William A. Donohue

“Confident of one’s own righteousness, especially when smugly moralistic and intolerant of the opinions and behavior of others.” That dictionary definition of self-righteousness aptly describes the way so many people have behaved in response to the protests that recently exploded across the nation. The moralizing, the grandstanding, the arrogance—it was appalling and never ending.

White guilt over “white privilege” is the height of self-righteousness. Those who apologize for their race, or feel guilty about their economic status, should tell us what they are going to do about these alleged problems.

Are they going to ask a dermatologist to darken their skin? (John Howard Griffin did that in 1959 so he could see what it would be like to live as a black person in the South—he wrote about his experience in Black Like Me.) Are they going to part with their money, giving their stash to the poor? If not, what purpose does their public display of white guilt serve?

There are many constructive things that these people could do. To begin with, they could help minority business owners whose stores were destroyed by white protesters: they could start a fund to raise money for them. They could set up tutorials for inner-city kids after school, volunteering to do the work. There are plenty of things that could be done, but all are predicated on self-giving, an attribute that is the very opposite of self-congratulatory exercises.

Take the business owners who have been wiped out. I recently purchased wine from a liquor store, and the Chinese owner whom I know told me a story about the man who was in front of me and just left. He said the man, who was elderly, had his Long Island store ransacked by looters: they broke in and stole $700,000 worth of merchandise. The owner managed to stay afloat through the shutdown and was ready to reopen when the “protesters” destroyed his store. Now he, and his 12 employees, are finished.

In the 1970s, when I was going for my Ph.D. in sociology at New York University, there was one particular class I will never forget. The subject of discussion was poor minorities. All of the students bashed our society for not doing anything to help them. I raised my hand and said that I work during the day in a poor, crime-ridden neighborhood (Spanish Harlem), and was glad to hear of their interest in the subject. I asked if they would volunteer to tutor my students on a Saturday. There was dead silence.

You may have heard about Charlie Palmer, the former ESPN reporter who now covers professional basketball. When protesters set a Minneapolis building on fire, he cheered them on, tweeting, “Burn it all down.” But a few days later when a mob tried to storm his California community—gated, of course—he went mad. He called them “animals,” screaming, “Tear up your own ****.”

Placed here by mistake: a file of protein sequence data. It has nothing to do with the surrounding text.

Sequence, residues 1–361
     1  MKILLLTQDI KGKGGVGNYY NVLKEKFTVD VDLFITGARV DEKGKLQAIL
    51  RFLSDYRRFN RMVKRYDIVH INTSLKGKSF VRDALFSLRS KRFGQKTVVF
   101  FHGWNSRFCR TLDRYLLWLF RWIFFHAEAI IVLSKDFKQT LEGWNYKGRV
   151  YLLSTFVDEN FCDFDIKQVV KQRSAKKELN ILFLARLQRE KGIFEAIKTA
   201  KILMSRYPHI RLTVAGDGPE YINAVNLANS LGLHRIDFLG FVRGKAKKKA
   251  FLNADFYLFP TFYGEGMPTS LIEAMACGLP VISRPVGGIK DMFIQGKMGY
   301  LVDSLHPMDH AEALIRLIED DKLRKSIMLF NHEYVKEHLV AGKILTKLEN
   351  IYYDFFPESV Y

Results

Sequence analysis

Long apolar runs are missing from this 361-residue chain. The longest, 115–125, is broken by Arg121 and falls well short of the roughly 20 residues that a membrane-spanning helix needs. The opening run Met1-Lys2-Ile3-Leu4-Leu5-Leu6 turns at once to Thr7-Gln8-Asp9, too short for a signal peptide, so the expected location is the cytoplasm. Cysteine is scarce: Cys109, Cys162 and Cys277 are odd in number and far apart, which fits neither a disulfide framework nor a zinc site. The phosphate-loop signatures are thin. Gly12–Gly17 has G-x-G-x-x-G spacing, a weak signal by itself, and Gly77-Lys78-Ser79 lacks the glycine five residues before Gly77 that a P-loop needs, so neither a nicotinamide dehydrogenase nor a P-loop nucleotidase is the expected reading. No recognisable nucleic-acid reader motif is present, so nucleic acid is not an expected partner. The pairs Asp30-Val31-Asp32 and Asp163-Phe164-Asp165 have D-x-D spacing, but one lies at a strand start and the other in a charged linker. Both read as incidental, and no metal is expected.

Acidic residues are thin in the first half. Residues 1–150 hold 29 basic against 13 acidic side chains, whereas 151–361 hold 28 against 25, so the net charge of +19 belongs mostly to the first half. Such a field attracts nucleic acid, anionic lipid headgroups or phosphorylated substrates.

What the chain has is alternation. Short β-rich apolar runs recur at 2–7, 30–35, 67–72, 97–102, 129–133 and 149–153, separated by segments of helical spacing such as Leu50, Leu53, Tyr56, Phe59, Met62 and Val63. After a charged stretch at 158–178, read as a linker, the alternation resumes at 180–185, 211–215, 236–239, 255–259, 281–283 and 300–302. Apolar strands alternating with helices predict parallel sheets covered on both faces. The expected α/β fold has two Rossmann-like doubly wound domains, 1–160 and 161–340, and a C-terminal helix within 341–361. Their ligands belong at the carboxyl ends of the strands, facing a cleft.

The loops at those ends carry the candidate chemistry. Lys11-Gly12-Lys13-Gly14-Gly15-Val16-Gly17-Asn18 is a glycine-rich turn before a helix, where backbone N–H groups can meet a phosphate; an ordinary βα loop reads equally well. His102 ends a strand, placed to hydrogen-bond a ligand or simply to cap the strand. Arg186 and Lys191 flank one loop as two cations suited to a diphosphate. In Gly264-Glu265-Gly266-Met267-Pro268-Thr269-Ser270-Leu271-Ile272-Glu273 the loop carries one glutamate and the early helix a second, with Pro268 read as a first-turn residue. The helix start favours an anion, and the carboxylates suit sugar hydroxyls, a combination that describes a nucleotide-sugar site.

Then we have the president of the Minneapolis City Council, Lisa Bender, who fought to eliminate the police force altogether. She was asked on CNN, “What if in the middle of night, my home is broken into? Who do I call?” She smugly told the woman reporter that her complaint “comes from a place of privilege.” Now if someone were to storm her house, is there anyone who thinks her response would be any different than that of Palmer’s?

Why are these white people considered the allies of blacks? If some racist mapped out a strategy to kill black people, he could do no better than to shut down the police. Every weekend in Chicago, dozens of black men are killed by black men. Does anyone think conditions would improve by banning the police (most of whom are black)?

It’s so nutty that liberal journalists are now being silenced by radicals from within their ranks. The editorial page editor of the New York Times, as well as the deputy editorial page editor, were forced to resign on June 7. Their offense? They allowed an article to be published by Sen. Tom Cotton. He called for law and order, allowing for the military to intervene, if necessary. After an uproar by the free speech mavens at the newspaper, the top editor said he was wrong to run the piece. But that wasn’t good enough.

Similarly, when the executive editor at the Philadelphia Inquirer published a news story titled, “Buildings Matter, Too,” it was deemed a racist play on “Black Lives Matter,” so he was forced to resign. Andrew Sullivan, the liberal writer for New York magazine, was barred from writing about the protests because it was decided he might criticize the violence.

This is quite a development. Four men, all with sterling liberal credentials, were bludgeoned by left-wing extremists who don’t believe in freedom of speech. The censors are now the ruling class.

We all have our hot buttons. Mine is rank hypocrisy. I have no patience listening to white people sitting on their moral perch calling for justice while doing nothing constructive about it. Worse is when they actually create more injustice in the name of promoting justice. Madness is in the air.

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